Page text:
Fault-Tolerant Aircraft Flight Control (20150238, Dr. Peter Seiler)
Aircraft Flight with a Subset of Aerodynamic Control Surfaces
An automatic flight control system that enables safe and reliable aircraft flight using a subset of aerodynamic control surfaces. A unique feature is that this subset includes cases where only one aerodynamic control surface is functional. The technology, implemented in software, helps prevent loss of aircraft (manned or unmanned) and is not restricted to any particular size. In the event that multiple aerodynamic control channels fail and only one control surface is operable, the system provides a method by which the aircraft can be flown safely to a landing spot.
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Aircraft Ailerons, Elevators and Rudders
While the general consensus says it is not possible to safely and reliably fly an aircraft with a single aerodynamic control surface, this technology has shown that it is possible. In general, most manned and unmanned aircraft rely on aerodynamic control surfaces for maximizing flight performance. However, if several control surfaces fail, the technology provides a method to control the aircraft using only the functioning subset of control surfaces and is particularly useful for fixed-wing unmanned aircraft that are equipped with only two aerodynamic control surfaces. In the absence of fault tolerance, a fault in either surface will lead to loss of aircraft. In addition, this technology reduces costs, covers a larger set of faults as compared to existing technology, and features plug-and-play implementation, so that its successful implementation requires minimal design and/or hardware modifications to the aircraft.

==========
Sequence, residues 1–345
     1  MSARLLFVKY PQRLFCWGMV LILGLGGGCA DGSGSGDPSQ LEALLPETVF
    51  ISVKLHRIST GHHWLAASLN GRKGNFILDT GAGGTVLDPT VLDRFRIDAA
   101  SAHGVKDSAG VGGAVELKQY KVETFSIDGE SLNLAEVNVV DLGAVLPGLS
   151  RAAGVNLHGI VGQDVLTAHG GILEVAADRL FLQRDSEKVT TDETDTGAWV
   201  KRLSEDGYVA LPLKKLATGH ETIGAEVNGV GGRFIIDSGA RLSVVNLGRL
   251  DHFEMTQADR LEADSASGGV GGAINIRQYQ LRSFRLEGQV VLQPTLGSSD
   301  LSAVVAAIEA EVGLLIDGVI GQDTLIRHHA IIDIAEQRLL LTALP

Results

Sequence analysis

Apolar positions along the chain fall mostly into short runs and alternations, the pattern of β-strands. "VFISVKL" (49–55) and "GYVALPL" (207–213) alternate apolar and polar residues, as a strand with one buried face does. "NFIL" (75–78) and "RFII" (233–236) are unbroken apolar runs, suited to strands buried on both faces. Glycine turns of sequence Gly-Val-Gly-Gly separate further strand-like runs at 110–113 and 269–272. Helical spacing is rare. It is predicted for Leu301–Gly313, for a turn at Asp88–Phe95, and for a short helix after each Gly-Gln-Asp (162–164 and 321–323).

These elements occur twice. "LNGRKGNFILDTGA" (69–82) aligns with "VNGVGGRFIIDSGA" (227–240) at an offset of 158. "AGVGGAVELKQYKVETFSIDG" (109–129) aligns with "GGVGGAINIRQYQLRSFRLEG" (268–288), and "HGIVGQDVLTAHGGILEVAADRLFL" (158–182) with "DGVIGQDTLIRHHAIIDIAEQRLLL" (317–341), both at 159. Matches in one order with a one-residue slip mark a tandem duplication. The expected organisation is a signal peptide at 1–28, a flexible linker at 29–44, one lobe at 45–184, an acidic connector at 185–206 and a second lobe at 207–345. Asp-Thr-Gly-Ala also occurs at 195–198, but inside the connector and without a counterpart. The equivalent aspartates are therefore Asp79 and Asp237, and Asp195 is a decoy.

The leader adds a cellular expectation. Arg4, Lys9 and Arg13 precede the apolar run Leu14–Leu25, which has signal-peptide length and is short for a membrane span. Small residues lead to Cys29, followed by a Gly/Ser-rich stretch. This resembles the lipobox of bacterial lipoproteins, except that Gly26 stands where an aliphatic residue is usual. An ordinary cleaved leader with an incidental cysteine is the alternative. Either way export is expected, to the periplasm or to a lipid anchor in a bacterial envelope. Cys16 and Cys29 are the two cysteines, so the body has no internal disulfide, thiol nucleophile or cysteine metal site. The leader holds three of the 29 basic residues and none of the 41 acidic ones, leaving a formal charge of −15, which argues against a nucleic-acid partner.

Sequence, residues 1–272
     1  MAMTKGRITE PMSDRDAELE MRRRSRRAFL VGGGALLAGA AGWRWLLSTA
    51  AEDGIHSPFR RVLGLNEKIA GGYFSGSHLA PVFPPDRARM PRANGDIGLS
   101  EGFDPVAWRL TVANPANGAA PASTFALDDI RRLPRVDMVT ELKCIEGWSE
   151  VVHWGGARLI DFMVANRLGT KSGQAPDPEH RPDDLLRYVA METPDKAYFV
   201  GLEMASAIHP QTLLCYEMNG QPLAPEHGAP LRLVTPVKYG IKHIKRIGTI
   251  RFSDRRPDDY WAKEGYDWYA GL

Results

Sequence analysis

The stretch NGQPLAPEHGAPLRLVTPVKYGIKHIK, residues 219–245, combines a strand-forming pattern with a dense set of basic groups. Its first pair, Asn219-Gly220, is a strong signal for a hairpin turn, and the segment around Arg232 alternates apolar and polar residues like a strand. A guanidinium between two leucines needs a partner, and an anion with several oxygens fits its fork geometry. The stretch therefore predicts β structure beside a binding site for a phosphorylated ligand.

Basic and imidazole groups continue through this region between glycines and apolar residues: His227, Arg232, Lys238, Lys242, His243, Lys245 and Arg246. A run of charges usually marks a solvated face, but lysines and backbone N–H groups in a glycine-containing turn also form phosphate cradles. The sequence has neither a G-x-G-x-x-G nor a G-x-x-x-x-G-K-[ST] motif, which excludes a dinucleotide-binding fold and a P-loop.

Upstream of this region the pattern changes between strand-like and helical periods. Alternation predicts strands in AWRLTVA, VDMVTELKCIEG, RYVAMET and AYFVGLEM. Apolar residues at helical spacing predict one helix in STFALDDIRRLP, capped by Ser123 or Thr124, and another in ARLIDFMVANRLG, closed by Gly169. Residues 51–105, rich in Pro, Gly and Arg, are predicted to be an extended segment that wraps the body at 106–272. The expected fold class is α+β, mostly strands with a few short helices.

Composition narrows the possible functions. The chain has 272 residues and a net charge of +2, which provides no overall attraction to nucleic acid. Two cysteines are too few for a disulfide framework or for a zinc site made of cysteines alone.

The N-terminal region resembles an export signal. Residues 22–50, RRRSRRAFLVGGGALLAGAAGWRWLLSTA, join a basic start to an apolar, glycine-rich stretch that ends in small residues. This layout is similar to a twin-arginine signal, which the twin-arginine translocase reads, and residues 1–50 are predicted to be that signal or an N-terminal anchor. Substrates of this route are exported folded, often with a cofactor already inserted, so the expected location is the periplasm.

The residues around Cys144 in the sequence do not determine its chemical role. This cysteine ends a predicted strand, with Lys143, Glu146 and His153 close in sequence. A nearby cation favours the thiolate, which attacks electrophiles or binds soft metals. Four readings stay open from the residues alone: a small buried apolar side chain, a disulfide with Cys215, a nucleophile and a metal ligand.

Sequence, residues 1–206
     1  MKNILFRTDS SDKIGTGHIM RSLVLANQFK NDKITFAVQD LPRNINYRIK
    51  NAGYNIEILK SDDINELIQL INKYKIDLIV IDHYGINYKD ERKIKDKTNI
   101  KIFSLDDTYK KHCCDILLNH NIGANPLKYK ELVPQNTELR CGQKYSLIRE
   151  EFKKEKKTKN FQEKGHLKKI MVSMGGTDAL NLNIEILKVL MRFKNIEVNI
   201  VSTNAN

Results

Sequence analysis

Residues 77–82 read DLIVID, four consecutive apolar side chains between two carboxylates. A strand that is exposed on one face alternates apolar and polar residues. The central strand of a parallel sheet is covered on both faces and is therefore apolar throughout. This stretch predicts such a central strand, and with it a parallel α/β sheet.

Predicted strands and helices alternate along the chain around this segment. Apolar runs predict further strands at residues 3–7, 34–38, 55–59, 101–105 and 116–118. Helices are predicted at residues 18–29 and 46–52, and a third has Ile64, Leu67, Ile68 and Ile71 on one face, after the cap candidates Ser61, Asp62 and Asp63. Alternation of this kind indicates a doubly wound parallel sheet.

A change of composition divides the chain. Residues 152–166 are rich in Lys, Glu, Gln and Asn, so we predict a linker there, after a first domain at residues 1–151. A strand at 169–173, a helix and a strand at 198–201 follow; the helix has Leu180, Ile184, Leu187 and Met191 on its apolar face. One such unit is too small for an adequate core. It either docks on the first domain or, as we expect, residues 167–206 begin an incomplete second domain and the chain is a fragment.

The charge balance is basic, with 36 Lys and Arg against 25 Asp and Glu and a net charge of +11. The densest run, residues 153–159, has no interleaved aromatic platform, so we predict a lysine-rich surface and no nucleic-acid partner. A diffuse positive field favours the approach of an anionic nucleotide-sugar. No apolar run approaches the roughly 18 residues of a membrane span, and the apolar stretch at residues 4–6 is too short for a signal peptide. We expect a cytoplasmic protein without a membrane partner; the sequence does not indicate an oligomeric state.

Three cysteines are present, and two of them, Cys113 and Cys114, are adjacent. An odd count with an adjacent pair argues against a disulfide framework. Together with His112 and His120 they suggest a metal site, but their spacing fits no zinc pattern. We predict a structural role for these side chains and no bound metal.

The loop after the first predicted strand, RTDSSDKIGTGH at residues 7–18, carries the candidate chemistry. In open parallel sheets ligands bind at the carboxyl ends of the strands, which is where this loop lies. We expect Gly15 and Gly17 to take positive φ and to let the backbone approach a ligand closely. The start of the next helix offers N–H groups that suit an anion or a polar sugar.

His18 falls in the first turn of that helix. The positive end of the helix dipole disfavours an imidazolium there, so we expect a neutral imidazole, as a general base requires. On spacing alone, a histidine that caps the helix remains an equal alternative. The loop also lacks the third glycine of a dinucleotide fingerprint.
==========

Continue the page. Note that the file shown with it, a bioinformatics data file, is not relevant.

BENEFITS AND FEATURES:
- Safely controls manned/unmanned aircraft with a subset of control surfaces
- The subset is reducible to one control surface
- Plug-and-play implementation with minimal/no hardware modifications
- Software algorithms
- Helps prevent catastrophic failure/loss of aircraft
- Manned and unmanned aircraft
- Fixed-wing UAVs
- Smaller/lower end UAVs with a limited number of control surfaces
- Civilian grade drones
- Potential for commercial aircraft
Phase of Development
Prototypes built and tested. Experimental demonstrations completed on three different unmanned aircraft systems (UAS) where all but one control surface was disabled.
- UAS #1: Seven of eight surfaces were disabled and the fault-tolerant autopilot controlled the aircraft while performing basic maneuvers.
- UAS #2: A human pilot safely landed the UAS using only one control surface; an autopilot should be able to do the same.
- UAS #3: One of the two surfaces was disabled. The fault-tolerant autopilot autonomously controlled, maneuvered, and landed the aircraft.